Best things to do in Hoi An
What is it? A wonderfully preserved UNESCO-listed town with beautiful architecture.
Why go? Hoi An’s Ancient Town is a sprawling series of cobblestone streets lined by wooden houses and temples dating back to the seventeenth century. While individually these buildings are significant, as a whole they become unmissable. It’s easy to spend a day exploring the area by foot. The influence of Chinese, Japanese and French architecture styles are all around, so take your time. Start your day with a photo at the Japanese Bridge before strolling past the French colonial style storefronts and canals. The 200-year old Tan Ky family home and shrine, Chùa Ông pagoda and Chinese Assembly Hall are all worth a look.
What is it? A beautiful lantern market with top-notch shopping and food.
Why go? Hoi An’s very popular night market is a must-see for all aspiring photographers and foodies. Elegant paper lanterns line the paths as shoppers search for souvenirs. Come dinnertime, street hawkers appear out of nowhere to sell a staggering variety of tasty eats. Try the very affordable chicken, prawn, pork or veggie skewers with spicy peanut sauce cooked over small charcoal barbeques. Afterwards, head back towards the river to the Bridge of Lights for a small boat ride, popular with couples.
What is it? A traditional and very ornate Chinese hall and shrine.
Why go? Also known as Fukien Assembly Hall, this traditional Chinese temple built in 1690 has served many purposes over its long history, from being a place to socialise to a temple dedicated to Thien Hau, the sea goddess who protects sailors. These days the shrine is popular for those looking for prosperity, or in the case of young couples, fertility. An impressive and ornate gate leads to a colourful courtyard and the main temple containing decorative dragon statues and shrines.
What is it? A beautiful beach, only a short bike ride away.
Why go? For the sun and scenery. Most hotels and even some cafés offer bike rental, so once you’re kitted up, head towards the best local beach – An Bang. The easy 30-minute ride through fields of rice paddies will reward you with palm tree-lined open restaurants, golden sandy beaches and bright blue water. While you could just lie on your beach towel for free, we suggest taking a seat on one of the numerous shady beach beds, where servers will make it their mission to bring you as much delicious food and ice-cold cocktails as you can handle.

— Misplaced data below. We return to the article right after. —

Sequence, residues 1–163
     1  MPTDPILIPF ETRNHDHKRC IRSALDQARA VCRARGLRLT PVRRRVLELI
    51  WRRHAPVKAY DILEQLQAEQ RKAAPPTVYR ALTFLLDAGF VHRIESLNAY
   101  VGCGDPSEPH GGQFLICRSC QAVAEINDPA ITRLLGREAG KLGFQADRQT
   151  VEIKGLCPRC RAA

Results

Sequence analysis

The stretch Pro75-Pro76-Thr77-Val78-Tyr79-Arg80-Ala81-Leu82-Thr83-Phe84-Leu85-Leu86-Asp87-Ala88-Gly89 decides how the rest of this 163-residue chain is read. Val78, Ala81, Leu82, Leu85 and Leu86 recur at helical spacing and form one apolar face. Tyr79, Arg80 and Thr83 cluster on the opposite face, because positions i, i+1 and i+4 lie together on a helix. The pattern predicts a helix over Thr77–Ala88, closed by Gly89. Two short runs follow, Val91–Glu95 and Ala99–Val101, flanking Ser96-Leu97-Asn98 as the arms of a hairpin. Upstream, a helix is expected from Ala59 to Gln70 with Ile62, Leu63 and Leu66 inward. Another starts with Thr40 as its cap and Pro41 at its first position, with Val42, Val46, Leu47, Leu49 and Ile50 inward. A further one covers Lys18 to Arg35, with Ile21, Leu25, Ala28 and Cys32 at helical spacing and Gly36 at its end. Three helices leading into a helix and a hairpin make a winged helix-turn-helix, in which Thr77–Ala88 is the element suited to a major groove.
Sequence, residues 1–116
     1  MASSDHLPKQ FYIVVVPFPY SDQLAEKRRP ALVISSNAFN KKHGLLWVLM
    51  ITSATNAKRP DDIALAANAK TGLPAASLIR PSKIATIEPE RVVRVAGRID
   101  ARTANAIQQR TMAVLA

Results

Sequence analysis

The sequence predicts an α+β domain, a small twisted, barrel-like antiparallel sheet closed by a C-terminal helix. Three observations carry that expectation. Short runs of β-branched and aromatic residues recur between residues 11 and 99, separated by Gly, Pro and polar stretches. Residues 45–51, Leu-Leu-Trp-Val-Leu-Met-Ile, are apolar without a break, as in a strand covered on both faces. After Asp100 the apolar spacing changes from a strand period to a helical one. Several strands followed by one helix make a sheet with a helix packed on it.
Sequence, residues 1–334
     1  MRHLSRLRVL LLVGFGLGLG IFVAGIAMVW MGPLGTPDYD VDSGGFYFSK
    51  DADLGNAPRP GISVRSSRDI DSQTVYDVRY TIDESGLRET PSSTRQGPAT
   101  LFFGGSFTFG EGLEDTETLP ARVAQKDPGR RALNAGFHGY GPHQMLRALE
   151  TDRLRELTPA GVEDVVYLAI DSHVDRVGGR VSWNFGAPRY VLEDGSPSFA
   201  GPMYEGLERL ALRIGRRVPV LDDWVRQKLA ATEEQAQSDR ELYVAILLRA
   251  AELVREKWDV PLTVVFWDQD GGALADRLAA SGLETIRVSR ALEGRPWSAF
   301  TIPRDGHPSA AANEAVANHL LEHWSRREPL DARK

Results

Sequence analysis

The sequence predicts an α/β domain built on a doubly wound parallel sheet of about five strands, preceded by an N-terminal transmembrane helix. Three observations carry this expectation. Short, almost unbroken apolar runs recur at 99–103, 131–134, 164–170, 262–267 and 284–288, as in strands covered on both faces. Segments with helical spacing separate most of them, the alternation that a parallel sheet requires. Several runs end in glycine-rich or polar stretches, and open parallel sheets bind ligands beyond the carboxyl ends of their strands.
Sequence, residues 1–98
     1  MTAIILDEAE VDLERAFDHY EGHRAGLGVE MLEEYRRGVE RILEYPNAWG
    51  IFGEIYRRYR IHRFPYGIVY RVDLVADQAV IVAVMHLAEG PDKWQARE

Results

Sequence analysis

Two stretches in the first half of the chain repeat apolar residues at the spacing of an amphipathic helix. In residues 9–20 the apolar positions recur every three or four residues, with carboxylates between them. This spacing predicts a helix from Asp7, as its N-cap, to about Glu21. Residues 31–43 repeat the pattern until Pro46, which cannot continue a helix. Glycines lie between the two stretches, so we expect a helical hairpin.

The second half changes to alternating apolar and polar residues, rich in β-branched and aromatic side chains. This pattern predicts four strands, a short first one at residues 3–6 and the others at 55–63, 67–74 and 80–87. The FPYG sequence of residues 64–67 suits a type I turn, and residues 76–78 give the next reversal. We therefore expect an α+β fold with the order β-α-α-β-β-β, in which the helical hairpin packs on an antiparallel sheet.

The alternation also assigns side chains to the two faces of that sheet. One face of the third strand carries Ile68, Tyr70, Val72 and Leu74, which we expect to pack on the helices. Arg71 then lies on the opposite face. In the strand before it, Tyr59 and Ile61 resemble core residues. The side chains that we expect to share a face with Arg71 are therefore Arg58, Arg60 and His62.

What is it? The opportunity to cook (and eat) with locals on an organic farm.
Why go? Hoi An is renowned for its excellent fresh food, with culinary influences stretching back to the town’s former life as a trading post. Most good chefs in Hoi An source their vegetables from the nearby Tra Que organic farm, which makes it the perfect spot to learn some Vietnamese cooking skills of your own. You will get to walk around the vegetable and herb farm at your own pace, meeting friendly farmers along the way. When it’s time to eat, chefs will show you how to make your own Vietnamese spring rolls, salads and even a delicious peanut sauce. The best part is learning how to carve vegetables into decorative edible flowers – a simple touch that’s guaranteed to impress your friends back home.
What is it? A lively waterfront area known for bars, food and people watching.
Why go? Once the go-to spot for traders to get a drink between voyages, the banks of the Thu Bon River are still the best meeting place for travellers to have a chat over a few tipples. Keep an eye out for Hoi An Artisan, a local craft brewery making some weird and wonderful beers. Their Mango Chili Pale Ale and Madnarin Saison are both good choices, though it’s hard to go past the Chocolate Mulberry Bock. All their fruits and spices are sourced locally. If beer is not your thing, then try some of the local rice wine ‘Ruou thuoc’ or ‘medicine wine’.
What is it? Arguably the best Banh Mi in Vietnam from a lady who’s been making them for over 60 years.
Why go? There’s no shortage of places to try Vietnam’s iconic sandwich, but there’s only one Banh Mi Queen. A quick 15-minute walk out of the old city, this unassuming street stall has only one thing on the menu: banh mi. The owner, nicknamed Madam Khanh is an 80-year-old lady who has been perfecting the sandwiches for most of her life. Each crispy, sweet roll is stuffed with pork, pâté, fried egg, pickles, vegetables, herbs, chili and soy sauce, as well as her closely guarded secret sauce. A vegetarian option of egg and vegetables is available, as are a very limited amount of seats.
What is it? One of the best places to get a tailor-made outfit.
Why go? Choosing which tailor to visit for your one-of-a-kind suit can be an overwhelming process. Among the hundreds of shops that offer the custom service, (and the multiple scams running) there are still plenty of good tailors who can get you looking sharp. The rule of thumb is you get what you paid for and the faster the deadline, the more it will cost. Kimmy Tailor is one of Hoi An’s oldest tailors, and caters to men and women. Making your choices from the seemingly endless options is made slightly easier with a cocktail in hand from the bar upstairs. Make sure you get a seat on the balcony as it has some great views.
What is it? The best place to try Vietnamese coffee, strong drip coffee mixed with super sweet condensed milk.
Why go? Vietnamese coffee is a must-try, and Mia Coffee offers everything you would expect from a great café. Their Old Town outpost is in a wonderful wooden building with a shady balcony, perfect for people-watching over cake and coffee.